This video from Ghana goes into greater detail.

India has some recycling sites and used to import waste for processing but now the problem is that the country itself is now a major producer of waste as it becomes one of the most technology saturated countries on the planet. And India is not alone, consumer societies all over the ex developing world are hungry for new technology, and obsolescence is just round the corner. This short article in Time expands upon the argument.

Large sums of money are involved as we would imagine, but the industry is practically non-regulated in real terms. Government regulation does exist but with the majority of the work carried out in the informal economy it is not adhered to, and dirty job as it may be it provides income for hundreds of thousands of poor migrant labourers.

And we are speaking about a problem that can only get worse. I personally don’t think it has to or should be like this however, it is not fair and it is exploitation, and so my question is ‘what can be done about it?’ Or more correctly ‘what can we do about it?’ We are the guilty party after all.

Categories
News Technology

3D printing – a revolution on the horizon?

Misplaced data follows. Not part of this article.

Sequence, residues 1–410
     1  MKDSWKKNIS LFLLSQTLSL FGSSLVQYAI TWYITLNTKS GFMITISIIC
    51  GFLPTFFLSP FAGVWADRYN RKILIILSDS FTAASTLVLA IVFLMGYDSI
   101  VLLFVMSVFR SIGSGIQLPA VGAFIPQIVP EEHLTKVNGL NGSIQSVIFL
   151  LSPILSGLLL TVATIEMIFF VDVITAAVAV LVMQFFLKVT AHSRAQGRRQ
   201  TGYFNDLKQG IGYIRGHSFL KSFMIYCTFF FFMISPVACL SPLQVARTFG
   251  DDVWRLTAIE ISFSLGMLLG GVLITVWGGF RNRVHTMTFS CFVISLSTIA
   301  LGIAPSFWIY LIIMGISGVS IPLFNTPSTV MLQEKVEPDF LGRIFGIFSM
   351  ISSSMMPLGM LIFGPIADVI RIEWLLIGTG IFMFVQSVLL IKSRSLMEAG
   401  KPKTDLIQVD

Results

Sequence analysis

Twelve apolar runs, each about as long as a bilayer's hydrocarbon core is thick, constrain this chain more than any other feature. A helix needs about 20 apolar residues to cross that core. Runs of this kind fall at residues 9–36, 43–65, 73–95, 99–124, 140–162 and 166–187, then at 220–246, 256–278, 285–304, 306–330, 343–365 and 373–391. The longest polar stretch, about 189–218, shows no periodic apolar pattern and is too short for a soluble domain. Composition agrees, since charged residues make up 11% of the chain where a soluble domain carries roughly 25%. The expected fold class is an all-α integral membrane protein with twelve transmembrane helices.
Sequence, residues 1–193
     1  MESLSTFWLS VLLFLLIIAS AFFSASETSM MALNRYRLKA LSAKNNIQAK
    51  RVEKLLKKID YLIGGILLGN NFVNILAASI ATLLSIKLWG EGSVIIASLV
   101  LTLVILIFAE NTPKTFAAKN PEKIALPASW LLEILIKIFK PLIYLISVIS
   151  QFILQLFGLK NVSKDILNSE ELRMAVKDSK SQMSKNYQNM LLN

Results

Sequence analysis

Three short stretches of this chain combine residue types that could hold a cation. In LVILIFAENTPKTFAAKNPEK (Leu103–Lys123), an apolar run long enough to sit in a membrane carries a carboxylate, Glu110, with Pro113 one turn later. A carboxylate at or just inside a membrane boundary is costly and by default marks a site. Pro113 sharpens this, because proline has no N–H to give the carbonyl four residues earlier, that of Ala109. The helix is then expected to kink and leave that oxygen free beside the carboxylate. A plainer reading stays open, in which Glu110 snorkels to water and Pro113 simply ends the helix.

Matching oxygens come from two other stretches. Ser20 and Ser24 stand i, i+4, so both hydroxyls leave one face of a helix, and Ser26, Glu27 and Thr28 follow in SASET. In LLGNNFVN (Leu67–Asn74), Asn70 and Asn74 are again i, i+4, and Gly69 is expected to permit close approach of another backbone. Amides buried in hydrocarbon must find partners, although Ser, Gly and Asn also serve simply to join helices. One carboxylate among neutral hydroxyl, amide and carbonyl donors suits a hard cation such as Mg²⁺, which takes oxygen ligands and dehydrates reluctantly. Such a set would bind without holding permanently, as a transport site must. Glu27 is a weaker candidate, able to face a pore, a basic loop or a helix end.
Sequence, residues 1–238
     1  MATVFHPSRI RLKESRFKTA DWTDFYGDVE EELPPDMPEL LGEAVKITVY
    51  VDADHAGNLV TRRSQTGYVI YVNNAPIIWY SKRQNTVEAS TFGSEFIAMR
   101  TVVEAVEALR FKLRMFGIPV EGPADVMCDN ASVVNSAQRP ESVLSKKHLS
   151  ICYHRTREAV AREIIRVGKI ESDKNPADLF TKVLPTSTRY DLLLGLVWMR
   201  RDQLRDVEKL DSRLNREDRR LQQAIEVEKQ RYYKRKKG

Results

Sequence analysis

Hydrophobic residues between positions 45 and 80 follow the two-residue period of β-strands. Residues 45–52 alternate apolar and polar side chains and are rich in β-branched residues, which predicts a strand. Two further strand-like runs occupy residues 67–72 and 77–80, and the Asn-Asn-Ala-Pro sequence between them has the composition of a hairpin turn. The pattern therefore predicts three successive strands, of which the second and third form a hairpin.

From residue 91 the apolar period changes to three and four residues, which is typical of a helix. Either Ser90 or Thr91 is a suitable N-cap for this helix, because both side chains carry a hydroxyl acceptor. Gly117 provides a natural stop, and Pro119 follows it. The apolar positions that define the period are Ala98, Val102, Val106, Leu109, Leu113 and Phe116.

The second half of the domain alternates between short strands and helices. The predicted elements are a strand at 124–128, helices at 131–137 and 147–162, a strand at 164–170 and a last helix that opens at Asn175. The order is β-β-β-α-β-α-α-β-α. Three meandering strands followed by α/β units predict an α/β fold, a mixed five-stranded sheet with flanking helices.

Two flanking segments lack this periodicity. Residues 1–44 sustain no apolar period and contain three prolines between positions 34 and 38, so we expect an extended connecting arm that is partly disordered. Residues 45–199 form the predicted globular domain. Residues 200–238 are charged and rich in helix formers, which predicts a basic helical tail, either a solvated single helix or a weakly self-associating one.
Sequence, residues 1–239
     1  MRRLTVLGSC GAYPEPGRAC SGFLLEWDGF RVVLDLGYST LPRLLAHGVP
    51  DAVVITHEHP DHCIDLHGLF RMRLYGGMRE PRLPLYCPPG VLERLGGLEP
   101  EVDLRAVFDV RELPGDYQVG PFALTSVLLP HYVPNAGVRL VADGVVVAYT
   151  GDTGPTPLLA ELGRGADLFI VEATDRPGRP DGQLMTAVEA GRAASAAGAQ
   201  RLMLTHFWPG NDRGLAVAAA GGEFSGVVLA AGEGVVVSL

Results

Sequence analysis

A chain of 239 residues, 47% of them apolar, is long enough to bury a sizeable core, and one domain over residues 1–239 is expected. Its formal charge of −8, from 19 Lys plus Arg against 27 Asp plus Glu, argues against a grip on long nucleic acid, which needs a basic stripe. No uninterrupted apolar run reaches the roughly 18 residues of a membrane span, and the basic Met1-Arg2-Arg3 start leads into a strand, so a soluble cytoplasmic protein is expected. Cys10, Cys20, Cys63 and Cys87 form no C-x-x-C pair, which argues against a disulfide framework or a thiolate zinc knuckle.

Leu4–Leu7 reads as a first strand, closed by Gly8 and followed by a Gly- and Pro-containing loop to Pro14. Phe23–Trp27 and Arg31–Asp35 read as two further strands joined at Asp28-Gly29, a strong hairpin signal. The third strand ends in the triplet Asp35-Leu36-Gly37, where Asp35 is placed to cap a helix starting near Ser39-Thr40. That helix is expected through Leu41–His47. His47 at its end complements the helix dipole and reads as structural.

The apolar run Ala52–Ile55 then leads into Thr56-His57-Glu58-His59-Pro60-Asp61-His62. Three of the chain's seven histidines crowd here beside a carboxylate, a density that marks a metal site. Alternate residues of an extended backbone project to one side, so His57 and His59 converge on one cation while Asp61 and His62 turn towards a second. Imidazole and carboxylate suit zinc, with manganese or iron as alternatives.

What an achievement, this is my (Christopher Roberts’s) 100th post on Technology Bloggers!

Thank you everyone for your support, I love writing here, and that is because of the fantastic community we have created 🙂

3D printers have been around for around 20 years now, however it is only recently that they have really started to show their true potential, both in industrial and now even domestic settings.

Thanks to the recent advancements in 3D printing, CAD designs can be constructed into physical prototypes (and in some cases now even final products) by 3D printers. 3D printers have the potential to revolutionise the way we live our lives, due the variety of possibilities they unlock. 3D printing could revolutionise architecture, product design, industry, education, and so much more!

What exactly is 3D printing?

Most people have access to a normal printer, be it black and white or colour, ink jet or laser. Those sorts of printers however, only work in 2 dimensions, they can print content in the dimension that is left to right, and the dimension that is forward to back. 3D printing adds in another dimension, up and down. Therefore 3D printing means that you can print in height, length and breadth.

Why is 3D printing important?